Bohdan Pomahac, M.D., is Director of Plastic Surgery Transplantation and Medical Director of Brigham and Women’s Hospital (BWH) Burn Center. He lead the United State’s second partial face transplantation in April 2009 and the nation’s first full face transplantation in March 2011.
Dr. Pomahac grew up in the Czech Republic and graduated from the Palacky University School of Medicine. He trained in General Surgery and Plastic Surgery at BWH and Harvard. He is currently an Assistant Professor at Harvard Medical School.
Dr. Pomahac has published articles in several journals, including The Journal of Biological Chemistry, Plastic and Reconstructive Surgery, The Journal of Surgical Research, Journal of Burn Care & Research, and Transplantation. His work has been featured by hundreds of media outlets, including the Today Show, Fox News, NPR, People Magazine, Forbes, the Washington Post, the Boston Herald, and the San Francisco Chronicle.
Dr. Pomahac has dedicated his career to helping those injured in traumatic accidents. In addition to leading the BWH Burn Center, he established BWH’s composite tissue transplantation program. He has focused his research on advancing facial reconstruction, burn reconstruction, and microsurgery.
Dr. Pomahac’s interest in facial transplants sparked when he met the first person to undergo a partial face transplant. Meeting other face transplant recipients also influenced his choice. One told him about his choice to undergo the operation, “I just want a cab to stop when I’m at the curb.”
In the last three years, Dr. Pomahac has led three face transplants. The first, in April 2009, was a facial transplant on Jim Maki, who damaged his lips, cheeks, upper mouth, teeth, and nose when he fell onto the electrified third rail in a Boston T station. The second and third, Dallas Wiens in March and Mitch Hunter in April of 2011, were the nation’s first and second face transplants.
Though the aesthetic change of face transplants is the most noticeable, those in need of face transplants also suffer from severe physical impairments. Most noticeably, facial injuries affect the victims’ abilities to breathe, eat, and speak. After their operations, Jim Maki regained his ability to taste and Dallas Wiens regained his ability to smell.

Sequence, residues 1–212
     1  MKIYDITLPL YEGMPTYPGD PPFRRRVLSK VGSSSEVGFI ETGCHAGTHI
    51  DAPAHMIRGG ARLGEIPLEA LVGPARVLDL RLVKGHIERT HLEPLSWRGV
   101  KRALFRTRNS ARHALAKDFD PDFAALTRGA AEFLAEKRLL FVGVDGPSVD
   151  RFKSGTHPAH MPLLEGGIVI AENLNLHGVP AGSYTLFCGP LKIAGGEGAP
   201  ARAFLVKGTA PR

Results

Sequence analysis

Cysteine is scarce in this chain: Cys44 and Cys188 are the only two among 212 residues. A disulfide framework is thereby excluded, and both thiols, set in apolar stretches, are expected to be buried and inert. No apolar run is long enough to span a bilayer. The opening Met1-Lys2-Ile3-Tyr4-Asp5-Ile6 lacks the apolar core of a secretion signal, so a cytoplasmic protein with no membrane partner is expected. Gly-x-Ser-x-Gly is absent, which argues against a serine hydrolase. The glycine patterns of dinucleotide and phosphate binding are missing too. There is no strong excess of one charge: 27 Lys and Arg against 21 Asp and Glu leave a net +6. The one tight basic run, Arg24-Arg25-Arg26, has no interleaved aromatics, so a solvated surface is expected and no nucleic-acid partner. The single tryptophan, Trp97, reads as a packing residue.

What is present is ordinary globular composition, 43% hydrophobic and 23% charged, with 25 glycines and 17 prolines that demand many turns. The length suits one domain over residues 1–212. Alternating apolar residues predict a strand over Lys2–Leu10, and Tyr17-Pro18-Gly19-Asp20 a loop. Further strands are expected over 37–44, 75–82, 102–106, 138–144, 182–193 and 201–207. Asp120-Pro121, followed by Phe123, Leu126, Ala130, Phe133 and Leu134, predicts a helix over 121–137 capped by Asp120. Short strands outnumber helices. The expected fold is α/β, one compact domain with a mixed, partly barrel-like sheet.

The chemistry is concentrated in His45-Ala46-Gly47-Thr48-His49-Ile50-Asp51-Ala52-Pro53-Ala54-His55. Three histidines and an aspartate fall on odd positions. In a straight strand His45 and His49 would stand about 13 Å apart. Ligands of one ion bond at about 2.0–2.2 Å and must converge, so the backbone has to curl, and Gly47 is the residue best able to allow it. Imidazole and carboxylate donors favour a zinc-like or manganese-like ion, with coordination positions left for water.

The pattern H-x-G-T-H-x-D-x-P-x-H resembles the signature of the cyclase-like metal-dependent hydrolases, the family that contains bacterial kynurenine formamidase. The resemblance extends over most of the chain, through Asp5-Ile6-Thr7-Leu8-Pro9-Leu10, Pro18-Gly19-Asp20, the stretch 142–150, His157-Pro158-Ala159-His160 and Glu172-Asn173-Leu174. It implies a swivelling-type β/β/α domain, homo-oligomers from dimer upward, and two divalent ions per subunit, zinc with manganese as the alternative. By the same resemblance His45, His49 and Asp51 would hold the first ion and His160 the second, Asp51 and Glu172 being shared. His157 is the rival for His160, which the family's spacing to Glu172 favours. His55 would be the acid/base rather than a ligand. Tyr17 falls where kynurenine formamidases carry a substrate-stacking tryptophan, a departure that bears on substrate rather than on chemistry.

Dr. Pomahac calls this operation “life-giving.” “In Dallas’s case you will understand very well why… He was quite literally a man without a face… This face transplant will allow Dallas, who by all accounts is a devoted father, to more fully participate in Scarlet’s life. That’s a true gift.”
Facial transplants are extremely complicated procedures. More than 30 medical personnel, including 7 or 8 surgeons, work over 14 hours to reconstruct the face and attach the donor tissue, muscles, and nerves.
Dr. Pomahac’s team is working to anticipate problems and minimize surprises with each new surgery. In Dallas’s case, the most difficult element was the logistics. “With him traveling, us traveling to get the tissues from the donor, the flight times, and getting it all timed right. But I think we have learned even from that experience and that we’ll continue to provide a fairly seamless operation.”
He’s excited to see the results of the full face transplants. “Certainly I think the most fun part will be to see the next 6-9 months when the function will start to come back and when Dallas will start to feel light touch on his face and start to move his face and lips.”
Dr. Pomahac believes that advancing technology will push them to accomplish things previously deemed impossible. For months, whenever asked if it would be possible to restore Dallas’s sight, Dr. Pomahac categorically replied that there was no chance, but he’s changing his mind. “We don’t know what the future may hold or how things will progress, so I’m not sure we really know for sure. Right now, he can’t see. Perhaps we have a hope that this will change in the future!”
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